Jovan Rebula pointed to the help he gets from his major champion uncle to deal with “big-time moments” as he fired himself into the matchplay stage of the Amateur Championship.
The 21-year-old South African shot level-par 71 at Royal Aberdeen yesterday to give himself a strokeplay total of three-over par. He scored 73 at Murcar Links on Monday.
Rebula’s uncle is Ernie Els – the Open champion in 2002 and 2012, and two-time US Open winner.
The Auburn University student, who is relatively close to Els’ Palm Beach, Florida, home when at college in Alabama, said: “He’s always a helping hand when it comes to big-time moments. He’s an easy guy to talk to and has done a lot for me in my career.
“I’m thankful for him – we’ve got a very good relationship and it’s always special to have a close bond with someone who’s been in way bigger moments than this.”
After going four-under on the front nine, bogeys at nine, 13, 15 and 18 took a bit of the shine off Rebula’s card.
However, his only aim for the first two days was to get himself through to the head to head contest, which was due to start today with the top 64 strokeplay players, including ties.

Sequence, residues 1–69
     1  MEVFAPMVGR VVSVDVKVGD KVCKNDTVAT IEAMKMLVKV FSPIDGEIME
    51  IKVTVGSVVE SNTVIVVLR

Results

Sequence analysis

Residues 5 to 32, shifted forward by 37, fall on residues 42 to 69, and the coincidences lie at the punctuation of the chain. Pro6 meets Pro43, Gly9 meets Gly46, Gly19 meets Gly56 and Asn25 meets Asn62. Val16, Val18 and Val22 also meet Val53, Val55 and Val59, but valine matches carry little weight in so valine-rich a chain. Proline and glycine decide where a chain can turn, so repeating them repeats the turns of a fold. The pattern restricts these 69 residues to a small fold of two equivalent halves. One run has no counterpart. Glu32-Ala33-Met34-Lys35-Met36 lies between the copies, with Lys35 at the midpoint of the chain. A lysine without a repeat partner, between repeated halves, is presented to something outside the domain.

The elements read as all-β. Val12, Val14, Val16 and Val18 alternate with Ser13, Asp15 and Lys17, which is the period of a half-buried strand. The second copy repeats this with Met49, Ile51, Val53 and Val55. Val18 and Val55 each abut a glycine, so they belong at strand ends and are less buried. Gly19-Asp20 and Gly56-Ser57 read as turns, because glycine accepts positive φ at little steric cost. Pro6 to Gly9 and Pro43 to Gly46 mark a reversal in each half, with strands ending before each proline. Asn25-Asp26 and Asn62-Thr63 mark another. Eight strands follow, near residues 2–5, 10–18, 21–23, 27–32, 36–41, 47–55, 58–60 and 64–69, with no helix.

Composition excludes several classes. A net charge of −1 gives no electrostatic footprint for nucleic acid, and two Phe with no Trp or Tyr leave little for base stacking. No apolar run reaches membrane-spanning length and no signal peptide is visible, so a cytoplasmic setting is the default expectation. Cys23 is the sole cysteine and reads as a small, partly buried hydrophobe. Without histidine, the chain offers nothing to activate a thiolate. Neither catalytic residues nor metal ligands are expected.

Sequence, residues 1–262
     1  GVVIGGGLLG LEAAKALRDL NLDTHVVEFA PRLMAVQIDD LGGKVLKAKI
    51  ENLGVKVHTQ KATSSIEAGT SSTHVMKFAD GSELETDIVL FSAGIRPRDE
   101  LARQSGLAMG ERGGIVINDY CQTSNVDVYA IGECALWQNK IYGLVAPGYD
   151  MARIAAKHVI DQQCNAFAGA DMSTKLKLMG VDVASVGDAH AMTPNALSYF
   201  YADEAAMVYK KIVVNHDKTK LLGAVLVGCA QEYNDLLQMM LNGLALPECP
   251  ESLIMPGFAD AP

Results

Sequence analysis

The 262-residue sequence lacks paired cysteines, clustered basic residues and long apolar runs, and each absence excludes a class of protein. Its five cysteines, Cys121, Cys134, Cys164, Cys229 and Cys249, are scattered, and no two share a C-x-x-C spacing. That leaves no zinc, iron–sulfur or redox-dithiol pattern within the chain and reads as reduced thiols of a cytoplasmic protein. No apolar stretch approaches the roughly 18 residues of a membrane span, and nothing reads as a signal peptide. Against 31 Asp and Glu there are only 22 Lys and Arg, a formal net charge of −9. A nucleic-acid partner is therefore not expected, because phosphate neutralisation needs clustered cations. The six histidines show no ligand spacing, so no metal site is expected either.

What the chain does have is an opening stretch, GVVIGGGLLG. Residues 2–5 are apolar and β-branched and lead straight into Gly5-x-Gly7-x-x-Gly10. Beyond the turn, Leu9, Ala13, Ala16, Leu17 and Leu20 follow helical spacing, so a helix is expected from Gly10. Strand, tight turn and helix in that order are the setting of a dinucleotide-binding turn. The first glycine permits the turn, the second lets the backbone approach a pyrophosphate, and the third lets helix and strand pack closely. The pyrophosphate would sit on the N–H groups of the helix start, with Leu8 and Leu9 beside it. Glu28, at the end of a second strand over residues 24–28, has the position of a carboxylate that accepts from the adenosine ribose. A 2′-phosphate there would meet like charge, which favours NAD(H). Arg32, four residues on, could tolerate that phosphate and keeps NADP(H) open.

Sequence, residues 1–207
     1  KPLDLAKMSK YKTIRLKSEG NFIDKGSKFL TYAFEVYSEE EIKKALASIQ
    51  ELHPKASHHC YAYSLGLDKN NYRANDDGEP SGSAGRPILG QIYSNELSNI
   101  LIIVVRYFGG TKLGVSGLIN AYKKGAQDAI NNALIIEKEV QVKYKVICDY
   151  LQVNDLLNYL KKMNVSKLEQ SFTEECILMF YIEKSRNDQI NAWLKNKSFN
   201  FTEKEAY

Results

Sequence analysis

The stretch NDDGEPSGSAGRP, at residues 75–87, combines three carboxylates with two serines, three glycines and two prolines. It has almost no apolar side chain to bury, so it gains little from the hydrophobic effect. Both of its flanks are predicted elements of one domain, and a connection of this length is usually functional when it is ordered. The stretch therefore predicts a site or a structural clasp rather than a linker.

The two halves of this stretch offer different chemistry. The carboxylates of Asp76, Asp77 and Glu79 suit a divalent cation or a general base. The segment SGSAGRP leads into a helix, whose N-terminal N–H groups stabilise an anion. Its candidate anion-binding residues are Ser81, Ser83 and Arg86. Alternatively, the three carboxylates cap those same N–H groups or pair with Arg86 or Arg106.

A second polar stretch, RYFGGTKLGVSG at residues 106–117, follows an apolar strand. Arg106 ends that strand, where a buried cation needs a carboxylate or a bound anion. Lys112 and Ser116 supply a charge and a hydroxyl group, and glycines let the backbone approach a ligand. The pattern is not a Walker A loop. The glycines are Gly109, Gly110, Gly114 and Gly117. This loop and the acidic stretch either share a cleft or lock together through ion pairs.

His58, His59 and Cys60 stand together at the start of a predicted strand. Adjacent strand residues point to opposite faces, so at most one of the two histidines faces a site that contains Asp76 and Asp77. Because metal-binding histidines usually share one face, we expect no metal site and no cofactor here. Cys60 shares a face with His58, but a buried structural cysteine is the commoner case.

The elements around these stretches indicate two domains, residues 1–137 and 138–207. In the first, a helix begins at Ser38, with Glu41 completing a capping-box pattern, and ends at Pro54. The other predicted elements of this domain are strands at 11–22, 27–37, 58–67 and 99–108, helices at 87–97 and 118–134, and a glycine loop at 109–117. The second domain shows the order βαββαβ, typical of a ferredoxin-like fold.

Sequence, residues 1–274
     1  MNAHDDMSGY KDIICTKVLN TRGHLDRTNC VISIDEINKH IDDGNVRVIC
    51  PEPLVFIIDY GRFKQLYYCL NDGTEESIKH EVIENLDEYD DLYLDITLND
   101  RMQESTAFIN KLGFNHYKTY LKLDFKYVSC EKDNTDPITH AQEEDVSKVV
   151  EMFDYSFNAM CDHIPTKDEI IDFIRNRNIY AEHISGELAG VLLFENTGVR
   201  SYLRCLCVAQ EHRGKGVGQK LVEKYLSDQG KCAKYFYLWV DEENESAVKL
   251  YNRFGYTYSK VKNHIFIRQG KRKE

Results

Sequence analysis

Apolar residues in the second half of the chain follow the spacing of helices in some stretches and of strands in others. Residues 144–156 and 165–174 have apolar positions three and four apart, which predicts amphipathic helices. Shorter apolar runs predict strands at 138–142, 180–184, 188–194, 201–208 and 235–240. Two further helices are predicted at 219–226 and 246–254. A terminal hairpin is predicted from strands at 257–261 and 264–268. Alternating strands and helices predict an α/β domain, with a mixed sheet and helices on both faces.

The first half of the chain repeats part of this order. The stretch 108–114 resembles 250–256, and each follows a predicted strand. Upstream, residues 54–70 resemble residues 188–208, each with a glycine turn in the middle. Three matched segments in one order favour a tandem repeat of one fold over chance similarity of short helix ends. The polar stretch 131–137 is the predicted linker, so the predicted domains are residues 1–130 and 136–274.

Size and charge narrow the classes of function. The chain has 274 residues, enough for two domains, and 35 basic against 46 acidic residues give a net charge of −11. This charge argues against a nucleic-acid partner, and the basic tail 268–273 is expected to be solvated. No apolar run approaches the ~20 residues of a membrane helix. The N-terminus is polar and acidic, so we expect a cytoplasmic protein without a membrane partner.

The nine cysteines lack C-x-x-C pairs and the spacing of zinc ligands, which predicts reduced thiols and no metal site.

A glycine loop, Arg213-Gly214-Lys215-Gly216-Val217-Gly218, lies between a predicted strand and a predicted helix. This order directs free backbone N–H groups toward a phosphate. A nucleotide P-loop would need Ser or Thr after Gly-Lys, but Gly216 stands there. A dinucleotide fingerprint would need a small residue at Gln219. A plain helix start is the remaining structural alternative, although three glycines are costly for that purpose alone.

Rebula, through for the first time at his third Amateur, said: “I’m a big matchplay fan, it’s completely different to stroke-play and anything can happen.
“It’s one on one and it’s just you (the two players) and the golf course.
“Growing up in South Africa we play a bunch of matchplay events. We’ve been in a bunch of those situations before.
“Hopefully I’ll bring my A-game and if it goes it goes.”
The matchplay was set to begin with a preliminary round of 13 ties between the worst scoring qualified players to whittle down the field to 64 players for the second round of matchplay, also due to take place today.
Rebula was to begin at the second stage against Rowlands Castle’s Billy McKenzie.
The best scorer in the strokeplay, Wilco Nienaber, also of South Africa, was to play Niclas Weiland of Sweden, while the second-best scorer, Norway’s Viktor Hovland – the fifth-ranked amateur in the world, was to play one of the winner’s from the preliminary round.
Best-placed Scot Euan McIntosh, of Turnhouse, was drawn against Forres’ Jeff Wright in an all-Scottish affair.